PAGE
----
“This book's extensive review of current academic research on the social dynamics underlying cyberbullying is particularly beneficial in revealing such complexities as the gender and ethnic patterns of online bullying, the types of students most likely to be involved in this activity, and the ways that fellow students can discourage, or encourage, bullying.” (Choice, 1 November 2012)
- Stan Davis, author of Schools Where Everyone Belongs and Empowering Bystanders in Bullying Prevention
Accurate information is empowerment. With this book, Kowalski, Limber and Agatston empower all of us to cut through the hype around cyberbullying and address it intelligently and with the sensitivity it requires.
- Anne Collier, Editor for NetFamilyNews.org and Co-Director of ConnectSafely.org
This book provides an eloquent mix of research theories and findings, together with actual experiences, in the important area of cyberbullying. It is especially strong in well-developed and comprehensive chapters about what parents and educators can do, to reduce both the likelihood of cyberbullying happening, and its negative consequences.
- Peter K. Smith, Goldsmiths, University of London
From the Back Cover
Bullying affects millions of children throughout the world each year. Recent advances in technology have led to greater prevalence of cyberbullying using e-mail, instant messages, social networking sites, and other digital messaging systems. The second edition of Cyberbullying provides the most current information on the nature and prevalence of this quickly-evolving issue that causes unique challenges and concerns for children, parents, and educators.
Examining the latest research and methods for studying this issue, the authors have utilized vital studies involving over 3,500 middle-school students, online research projects on cyberbullying, and data from focus groups of victims, perpetrators, and their parents. This edition includes updated and expanded empirical data; coverage of the newest digital venues where cyberbullying is appearing, including social networking sites; and a look at occurrences of cyberbullying among adults and among children with disabilities. The book also covers sexting and some of the legal issues surrounding it.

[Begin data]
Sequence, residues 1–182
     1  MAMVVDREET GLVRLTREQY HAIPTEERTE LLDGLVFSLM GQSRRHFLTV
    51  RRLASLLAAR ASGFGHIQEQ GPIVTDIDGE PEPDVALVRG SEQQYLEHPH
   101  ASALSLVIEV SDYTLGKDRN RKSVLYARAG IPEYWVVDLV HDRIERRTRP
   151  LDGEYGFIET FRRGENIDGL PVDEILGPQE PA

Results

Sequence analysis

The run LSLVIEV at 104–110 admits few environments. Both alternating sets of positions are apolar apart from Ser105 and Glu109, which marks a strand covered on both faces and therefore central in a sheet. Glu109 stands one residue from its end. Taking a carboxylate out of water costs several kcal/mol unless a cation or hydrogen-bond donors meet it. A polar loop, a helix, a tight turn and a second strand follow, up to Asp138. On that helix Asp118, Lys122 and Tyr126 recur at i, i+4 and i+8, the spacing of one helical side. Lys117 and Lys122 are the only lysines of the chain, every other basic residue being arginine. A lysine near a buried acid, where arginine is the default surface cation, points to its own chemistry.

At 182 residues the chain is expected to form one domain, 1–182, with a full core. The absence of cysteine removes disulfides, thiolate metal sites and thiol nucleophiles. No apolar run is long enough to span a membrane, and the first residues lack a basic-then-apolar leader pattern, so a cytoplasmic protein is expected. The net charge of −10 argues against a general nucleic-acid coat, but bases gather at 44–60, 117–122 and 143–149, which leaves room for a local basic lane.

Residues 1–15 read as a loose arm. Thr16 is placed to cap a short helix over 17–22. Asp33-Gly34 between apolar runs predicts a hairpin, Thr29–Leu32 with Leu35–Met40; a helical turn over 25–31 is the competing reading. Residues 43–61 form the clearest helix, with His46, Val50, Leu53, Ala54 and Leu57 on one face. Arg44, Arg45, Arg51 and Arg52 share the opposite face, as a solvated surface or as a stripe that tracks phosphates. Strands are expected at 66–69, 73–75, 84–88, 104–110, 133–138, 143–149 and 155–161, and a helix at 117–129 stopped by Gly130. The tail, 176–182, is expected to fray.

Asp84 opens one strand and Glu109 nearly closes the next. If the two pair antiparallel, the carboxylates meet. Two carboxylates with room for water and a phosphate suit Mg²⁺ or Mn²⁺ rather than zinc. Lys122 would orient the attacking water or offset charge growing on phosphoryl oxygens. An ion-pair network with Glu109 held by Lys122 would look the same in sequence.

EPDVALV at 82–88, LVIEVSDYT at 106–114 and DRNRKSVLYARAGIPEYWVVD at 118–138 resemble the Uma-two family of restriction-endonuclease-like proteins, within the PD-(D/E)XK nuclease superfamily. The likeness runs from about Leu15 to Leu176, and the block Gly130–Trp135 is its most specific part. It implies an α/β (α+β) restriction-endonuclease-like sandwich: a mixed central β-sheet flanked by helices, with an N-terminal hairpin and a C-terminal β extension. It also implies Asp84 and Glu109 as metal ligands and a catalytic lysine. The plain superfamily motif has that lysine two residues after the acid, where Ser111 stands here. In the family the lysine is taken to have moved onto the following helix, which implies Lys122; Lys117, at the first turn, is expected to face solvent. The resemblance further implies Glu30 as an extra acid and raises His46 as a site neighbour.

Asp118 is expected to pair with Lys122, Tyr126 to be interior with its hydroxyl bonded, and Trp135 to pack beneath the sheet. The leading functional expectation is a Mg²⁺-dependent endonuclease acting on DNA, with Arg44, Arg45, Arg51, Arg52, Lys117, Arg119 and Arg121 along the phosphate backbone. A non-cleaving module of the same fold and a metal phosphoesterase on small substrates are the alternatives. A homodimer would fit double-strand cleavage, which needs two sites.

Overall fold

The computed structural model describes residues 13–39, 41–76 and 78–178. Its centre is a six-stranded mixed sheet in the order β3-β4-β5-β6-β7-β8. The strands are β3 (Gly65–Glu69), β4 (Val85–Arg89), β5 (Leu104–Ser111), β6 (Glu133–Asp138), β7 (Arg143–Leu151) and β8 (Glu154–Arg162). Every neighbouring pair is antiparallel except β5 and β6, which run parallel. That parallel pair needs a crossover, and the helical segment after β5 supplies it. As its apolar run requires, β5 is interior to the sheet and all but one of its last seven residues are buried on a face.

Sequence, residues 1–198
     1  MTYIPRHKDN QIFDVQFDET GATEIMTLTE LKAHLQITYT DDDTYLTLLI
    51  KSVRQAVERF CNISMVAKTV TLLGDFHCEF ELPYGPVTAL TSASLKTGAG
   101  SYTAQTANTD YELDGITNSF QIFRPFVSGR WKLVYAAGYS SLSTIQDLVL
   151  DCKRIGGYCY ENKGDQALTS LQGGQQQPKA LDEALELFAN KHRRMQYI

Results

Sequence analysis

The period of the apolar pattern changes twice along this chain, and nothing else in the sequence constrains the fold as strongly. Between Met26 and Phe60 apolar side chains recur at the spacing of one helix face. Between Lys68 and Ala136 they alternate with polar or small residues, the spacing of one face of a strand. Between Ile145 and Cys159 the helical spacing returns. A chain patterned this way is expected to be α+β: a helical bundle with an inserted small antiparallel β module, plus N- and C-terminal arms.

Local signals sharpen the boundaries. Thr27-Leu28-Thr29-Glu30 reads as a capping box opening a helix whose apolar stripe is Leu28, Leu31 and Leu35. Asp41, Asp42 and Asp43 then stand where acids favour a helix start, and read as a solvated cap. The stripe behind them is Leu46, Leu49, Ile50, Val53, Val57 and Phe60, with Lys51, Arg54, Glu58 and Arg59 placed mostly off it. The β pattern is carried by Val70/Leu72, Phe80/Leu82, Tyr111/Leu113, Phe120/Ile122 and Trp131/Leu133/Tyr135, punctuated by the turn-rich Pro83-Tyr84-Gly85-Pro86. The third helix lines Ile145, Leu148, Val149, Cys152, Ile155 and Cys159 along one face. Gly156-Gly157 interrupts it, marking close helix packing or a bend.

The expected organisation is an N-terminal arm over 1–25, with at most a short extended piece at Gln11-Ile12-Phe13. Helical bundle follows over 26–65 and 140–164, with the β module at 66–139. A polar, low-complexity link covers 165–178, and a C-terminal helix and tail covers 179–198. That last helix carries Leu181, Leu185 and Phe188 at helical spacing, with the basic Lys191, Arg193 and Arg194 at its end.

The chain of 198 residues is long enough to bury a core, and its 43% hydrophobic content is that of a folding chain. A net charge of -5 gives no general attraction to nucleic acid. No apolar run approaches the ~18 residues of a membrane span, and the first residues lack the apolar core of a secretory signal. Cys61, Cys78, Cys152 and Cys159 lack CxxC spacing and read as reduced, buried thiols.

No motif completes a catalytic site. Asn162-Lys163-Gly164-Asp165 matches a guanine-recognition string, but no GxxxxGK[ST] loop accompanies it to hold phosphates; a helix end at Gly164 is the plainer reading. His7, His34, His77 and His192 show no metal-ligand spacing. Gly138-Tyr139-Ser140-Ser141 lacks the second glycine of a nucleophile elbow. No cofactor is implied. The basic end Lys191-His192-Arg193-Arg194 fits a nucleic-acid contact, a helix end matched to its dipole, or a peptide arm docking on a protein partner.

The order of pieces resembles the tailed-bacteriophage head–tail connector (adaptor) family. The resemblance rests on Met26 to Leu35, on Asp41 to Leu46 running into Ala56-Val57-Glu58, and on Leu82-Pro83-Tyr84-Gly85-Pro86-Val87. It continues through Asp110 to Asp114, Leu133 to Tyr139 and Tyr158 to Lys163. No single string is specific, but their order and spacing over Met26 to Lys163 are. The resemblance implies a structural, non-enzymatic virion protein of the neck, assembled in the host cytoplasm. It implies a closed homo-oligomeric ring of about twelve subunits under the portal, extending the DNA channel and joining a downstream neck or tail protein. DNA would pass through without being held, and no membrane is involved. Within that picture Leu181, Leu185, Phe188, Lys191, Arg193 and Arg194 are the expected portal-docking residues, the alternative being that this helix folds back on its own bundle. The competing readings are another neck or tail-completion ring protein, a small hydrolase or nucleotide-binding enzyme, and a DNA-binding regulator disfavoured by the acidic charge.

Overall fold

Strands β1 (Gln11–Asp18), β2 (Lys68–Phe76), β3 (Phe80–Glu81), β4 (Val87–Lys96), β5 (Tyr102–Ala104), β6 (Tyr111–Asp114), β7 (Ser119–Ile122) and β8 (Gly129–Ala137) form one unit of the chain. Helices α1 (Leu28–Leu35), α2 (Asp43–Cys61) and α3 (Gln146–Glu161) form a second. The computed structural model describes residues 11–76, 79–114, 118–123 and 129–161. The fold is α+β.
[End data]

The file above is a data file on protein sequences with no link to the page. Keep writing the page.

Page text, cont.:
The authors – internationally known experts in the field – provide practical tips for parents and educators on how to prevent cyberbullying through family and classroom discussions about proper online behavior. They also offer suggestions for successful intervention techniques in cyberbullying episodes that stem from their own work, research, and experiences.
About the Author
Robin M. Kowalski, Ph.D., is Professor of Psychology at Clemson University. She is the author or coauthor of several books including Complaining, Teasing, and Other Annoying Behaviors (2003), Social Anxiety (1997), Aversive Interpersonal Behaviors (1997), Behaving Badly (2001), and The Social Psychology of Emotional and Behavioral Problems (2000).
Susan P. Limber, Ph.D., is the Dan Olweus Professor at the Institute on Family and Neighborhood Life and Professor of Psychology at Clemson University. She has published numerous articles on the topic of bullying. In 2004 she received the American Psychological Association's Early Career Award for Psychology in the Public Interest.
Patricia W. Agatston, Ph.D., is a Licensed Professional Counselor and Prevention Specialist with the Cobb County School District's Prevention/Intervention Center in Marietta, Georgia. She was a participant in the CDC's Expert Panel on Electronic Media and Youth Violence, and has presented nationally and internationally on cyberbullying.